Editor's Note: To see how deep we now drill for oil, click here...
If there's one thing I wanted to hammer into the minds of my readers, it's that the oil markets are extremely tight. Not only are they tight right now, but oil supplies are going to keep getting tighter. In fact, I've been saying this over and over throughout the year.
On Tuesday, the Energy Information Administration (EIA) released their short-term energy outlook. I kept shaking my head while reading it. The report was predicting that oil prices would fall to around $86 per barrel by the end of winter. Word from the trading pit is that oil prices will push over $100 a barrel soon. Breaking through that benchmark price wouldn't surprise me.
But it's not this winter I'm worried about.
Let's say that oil drops (however unlikely) to $80 a barrel this winter. If we see the same jump in 2008 that we did this year, that would result in a $40-$50 rise in prices between January and July-the peak of the driving season. We're talking about oil costing $120-$130 a barrel by July, 2008.
And that's assuming, of course, that oil prices retreat to $80 a barrel.
That could have serious repurcussions at the pumps. Trust me, gas costing $5 a gallon will be a reality in 2008. I'd like to extend my sympathies for my UK readers, they've already shared enough horror stories from the pump to make me feel blessed with $3 a gallon.
After OPEC's refusal to increase output last week, it looks like we'll have to wait until February for another chance. The first question that comes to mind is, "Didn't they already raise output in November?" Unfortunately, the lag in shipping oil means that their November increase wouldn't have an effect until late December.
So why are we more worried about oil supplies more than other volatility factors?
Well, one reason is that the world's oil demand is growing at a much faster rate than the oil supply. The problem is that we can't expect OPEC to increase production. The cartel has their hands full. For example, producing countries are struggling to make up for the loss of production from field depletion.
But I don't want to go off on another doom and gloom tangent. Rather, I wanted to focus on where we're going to go to help offset this supply crisis.
Most of my readers don't ready my column for their health. On occasion it might be for enjoyment or even just to argue and point out any errors (sometimes it's both). Judging from the countless emails I get on a daily basis, the majority of my readers are looking for a place to invest their hard earned money. To that end, let's get into deep water oil drilling.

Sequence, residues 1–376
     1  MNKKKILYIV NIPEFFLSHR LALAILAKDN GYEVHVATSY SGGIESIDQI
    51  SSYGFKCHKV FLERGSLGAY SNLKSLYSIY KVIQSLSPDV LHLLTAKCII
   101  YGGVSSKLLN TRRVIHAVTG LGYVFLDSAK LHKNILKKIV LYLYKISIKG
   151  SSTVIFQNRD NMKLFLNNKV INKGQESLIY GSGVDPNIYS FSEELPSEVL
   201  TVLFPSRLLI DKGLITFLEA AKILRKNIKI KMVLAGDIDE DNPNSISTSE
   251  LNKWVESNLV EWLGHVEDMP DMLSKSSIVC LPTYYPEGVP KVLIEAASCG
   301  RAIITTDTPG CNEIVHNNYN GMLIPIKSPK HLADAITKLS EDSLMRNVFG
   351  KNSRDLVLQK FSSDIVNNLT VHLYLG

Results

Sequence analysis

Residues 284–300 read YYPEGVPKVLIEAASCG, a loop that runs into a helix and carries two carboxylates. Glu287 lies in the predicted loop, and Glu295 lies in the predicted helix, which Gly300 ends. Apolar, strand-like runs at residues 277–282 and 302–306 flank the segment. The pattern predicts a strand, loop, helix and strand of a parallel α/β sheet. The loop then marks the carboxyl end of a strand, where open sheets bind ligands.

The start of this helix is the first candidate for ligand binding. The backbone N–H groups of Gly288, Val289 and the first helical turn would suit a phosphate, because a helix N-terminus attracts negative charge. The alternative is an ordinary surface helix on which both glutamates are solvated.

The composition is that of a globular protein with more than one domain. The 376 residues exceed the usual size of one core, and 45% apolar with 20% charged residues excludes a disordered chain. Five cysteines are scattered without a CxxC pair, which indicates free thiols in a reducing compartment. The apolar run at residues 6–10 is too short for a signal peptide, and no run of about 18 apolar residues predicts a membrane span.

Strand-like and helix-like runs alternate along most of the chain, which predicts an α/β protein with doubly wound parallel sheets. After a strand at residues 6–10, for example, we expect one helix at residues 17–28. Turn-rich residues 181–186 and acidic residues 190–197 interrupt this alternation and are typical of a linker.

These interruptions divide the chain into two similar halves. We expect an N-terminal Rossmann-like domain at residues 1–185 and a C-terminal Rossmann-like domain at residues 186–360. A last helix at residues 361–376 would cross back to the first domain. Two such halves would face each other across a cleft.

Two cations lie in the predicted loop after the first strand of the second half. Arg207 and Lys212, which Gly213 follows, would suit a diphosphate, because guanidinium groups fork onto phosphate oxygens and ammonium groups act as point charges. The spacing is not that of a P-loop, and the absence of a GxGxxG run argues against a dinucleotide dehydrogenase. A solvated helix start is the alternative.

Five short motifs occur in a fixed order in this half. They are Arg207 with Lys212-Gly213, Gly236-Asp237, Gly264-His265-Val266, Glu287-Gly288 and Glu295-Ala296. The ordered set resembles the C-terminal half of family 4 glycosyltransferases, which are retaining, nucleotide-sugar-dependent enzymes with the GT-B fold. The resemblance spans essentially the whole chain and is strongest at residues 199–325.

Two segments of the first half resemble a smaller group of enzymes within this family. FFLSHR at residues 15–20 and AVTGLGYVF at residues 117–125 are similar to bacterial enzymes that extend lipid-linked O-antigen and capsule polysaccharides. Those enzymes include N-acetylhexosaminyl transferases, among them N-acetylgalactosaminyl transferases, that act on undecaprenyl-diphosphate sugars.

Offshore Profits in Deep Water Oil Wells
Last month, I briefly went into the boom happening in offshore oil drilling. At that time, I told you to keep an eye out for producers in the Gulf of Mexico, Africa and Brazil. Those three areas make up almost 50% of offshore spending.
In November, Brazil struck black gold off its shores at the Tupi field. The Tupi field could hold between five and eight billion barrels of oil equivalent (BOE). In terms of size, think about this: That discovery accounts for about 40% of all the oil ever found in Brazil.
I imagine they're quite pleased. The problem now facing Petrobras (Brazil's government-run oil company) is developing the resource. If Petrobras is going to have to save up for developing the Tupi field, that'll open up new opportunities in other offshore leases.
Investors looking to get into offshore plays have several options. Many offshore oil drillers have had some tremendous success so far in 2007, no doubt aided by the record oil prices.
Personally, I like the success that contract drillers have had this year. Offshore drilling rig day rates have been hitting record highs all year, and I don't see demand weakening in 2008:
We've all seen Transocean's performance this year, but they aren't the only offshore driller making some serious gains in this industry...
Take a look at how Noble Corp. (NE) has been climbing in 2007:
The fact is that there are numerous plays in the offshore industry right now, and I always suggest investors do their homework before putting any money into any company. In the end, it comes down to your own decisions, so choose wisely.
Until next time,